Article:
Mitsuba 2 can be used to solve inverse problems involving light using a technique known as differentiable rendering. It interprets the rendering algorithm as a function \(f(\mathbf{x})\) that converts an input \(\mathbf{x}\) (the scene description) into an output \(\mathbf{y}\) (the rendering). This function \(f\) is then mathematically differentiated to obtain \(\frac{\mathrm{d}\mathbf{y}}{\mathrm{d}\mathbf{x}}\), providing a first-order approximation of how a desired change in the output \(\mathbf{y}\) (the rendering) can be achieved by changing the inputs \(\mathbf{x}\) (the scene description). Together with a differentiable objective function \(g(\mathbf{y})\) that quantifies the suitability of tentative scene parameters, a gradient-based optimization algorithm such as stochastic gradient descent or Adam can then be used to find a sequence of scene parameters \(\mathbf{x}_0\), \(\mathbf{x}_1\), \(\mathbf{x}_2\), etc., that successively improve the objective function. In pictures:


Differentiable rendering in Mitsuba is based on variants that use the gpu_autodiff backend. Note that differentiable rendering on the CPU is currently not supported for performance reasons, but we have some ideas on making this faster and plan to incorporate them in the future.

Differentiable calculations using Enoki

Mitsuba’s ability to automatically differentiate entire rendering algorithms builds on differentiable CUDA array types provided by the Enoki library. Both are explained in the Enoki documentation: the section on GPU arrays describes the underlying just-in-time (JIT) compiler, which fuses simple operations like additions and multiplications into larger computational kernels that can be executed on CUDA-capable GPUs. The linked document also discusses key differences compared to superficially similar frameworks like PyTorch and TensorFlow. The section on Automatic differentiation describes how Enoki records and simplifies computation graphs and uses them to propagate derivatives in forward or reverse mode. We recommend that you familiarize yourself with both of these documents.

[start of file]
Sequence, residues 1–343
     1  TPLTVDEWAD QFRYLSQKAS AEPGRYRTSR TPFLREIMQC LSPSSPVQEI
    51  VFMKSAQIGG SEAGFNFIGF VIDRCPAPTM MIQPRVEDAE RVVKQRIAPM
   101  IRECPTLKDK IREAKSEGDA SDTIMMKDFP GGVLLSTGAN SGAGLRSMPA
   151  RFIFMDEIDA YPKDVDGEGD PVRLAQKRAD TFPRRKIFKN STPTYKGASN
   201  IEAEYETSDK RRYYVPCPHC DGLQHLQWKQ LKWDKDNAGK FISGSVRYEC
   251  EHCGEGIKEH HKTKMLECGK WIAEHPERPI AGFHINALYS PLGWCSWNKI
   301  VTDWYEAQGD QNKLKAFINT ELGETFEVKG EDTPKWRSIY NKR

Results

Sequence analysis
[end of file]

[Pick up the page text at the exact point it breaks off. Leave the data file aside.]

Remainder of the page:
Enoki’s differentiable types are automatically imported when variant starting with gpu_autodiff_* is specified. They are used in both C++ and Python, hence it is possible to differentiate larger computations that are partly implemented in each language. The following program shows a simple example calculation conducted in Python, which differentiates the function \(f(\mathbf{x})=x_0^2 + x_1^2 + x_2^2\)

import mitsuba

# The C++ type associated with 'Float' is enoki::DiffArray<enoki::CUDAArray<float>>
from mitsuba.core import Float
import enoki as ek

# Initialize a dynamic CUDA floating point array with some values
x = Float([1, 2, 3])

# Tell Enoki that we'll later be interested in gradients of
# an as-of-yet unspecified objective function with respect to 'x'

# Example objective function: sum of squares
y = ek.hsum(x * x)

# Now back-propagate gradient wrt. 'y' to input variables (i.e. 'x')

# Prints: [2, 4, 6]